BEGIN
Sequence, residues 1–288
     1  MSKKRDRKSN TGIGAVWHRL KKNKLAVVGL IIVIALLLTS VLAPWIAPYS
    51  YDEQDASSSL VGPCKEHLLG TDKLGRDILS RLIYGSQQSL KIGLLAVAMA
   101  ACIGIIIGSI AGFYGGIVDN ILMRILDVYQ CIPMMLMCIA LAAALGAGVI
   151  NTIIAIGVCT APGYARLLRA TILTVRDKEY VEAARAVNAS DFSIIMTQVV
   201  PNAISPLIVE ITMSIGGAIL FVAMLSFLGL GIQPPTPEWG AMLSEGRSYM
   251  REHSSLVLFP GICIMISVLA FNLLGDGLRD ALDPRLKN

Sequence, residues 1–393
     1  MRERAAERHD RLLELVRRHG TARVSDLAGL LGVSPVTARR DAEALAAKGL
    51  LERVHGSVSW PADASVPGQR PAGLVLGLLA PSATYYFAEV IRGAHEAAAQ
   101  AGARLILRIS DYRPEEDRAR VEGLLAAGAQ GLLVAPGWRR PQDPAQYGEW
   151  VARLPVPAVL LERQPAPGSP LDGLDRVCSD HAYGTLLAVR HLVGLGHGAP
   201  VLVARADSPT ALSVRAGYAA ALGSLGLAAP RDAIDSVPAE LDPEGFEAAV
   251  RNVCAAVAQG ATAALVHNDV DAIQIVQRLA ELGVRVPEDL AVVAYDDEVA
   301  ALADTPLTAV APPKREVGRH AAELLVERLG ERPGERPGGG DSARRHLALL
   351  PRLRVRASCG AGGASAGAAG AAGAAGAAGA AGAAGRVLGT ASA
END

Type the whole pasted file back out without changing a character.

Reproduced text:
Sequence, residues 1–288
     1  MSKKRDRKSN TGIGAVWHRL KKNKLAVVGL IIVIALLLTS VLAPWIAPYS
    51  YDEQDASSSL VGPCKEHLLG TDKLGRDILS RLIYGSQQSL KIGLLAVAMA
   101  ACIGIIIGSI AGFYGGIVDN ILMRILDVYQ CIPMMLMCIA LAAALGAGVI
   151  NTIIAIGVCT APGYARLLRA TILTVRDKEY VEAARAVNAS DFSIIMTQVV
   201  PNAISPLIVE ITMSIGGAIL FVAMLSFLGL GIQPPTPEWG AMLSEGRSYM
   251  REHSSLVLFP GICIMISVLA FNLLGDGLRD ALDPRLKN

Sequence, residues 1–393
     1  MRERAAERHD RLLELVRRHG TARVSDLAGL LGVSPVTARR DAEALAAKGL
    51  LERVHGSVSW PADASVPGQR PAGLVLGLLA PSATYYFAEV IRGAHEAAAQ
   101  AGARLILRIS DYRPEEDRAR VEGLLAAGAQ GLLVAPGWRR PQDPAQYGEW
   151  VARLPVPAVL LERQPAPGSP LDGLDRVCSD HAYGTLLAVR HLVGLGHGAP
   201  VLVARADSPT ALSVRAGYAA ALGSLGLAAP RDAIDSVPAE LDPEGFEAAV
   251  RNVCAAVAQG ATAALVHNDV DAIQIVQRLA ELGVRVPEDL AVVAYDDEVA
   301  ALADTPLTAV APPKREVGRH AAELLVERLG ERPGERPGGG DSARRHLALL
   351  PRLRVRASCG AGGASAGAAG AAGAAGAAGA AGAAGRVLGT ASA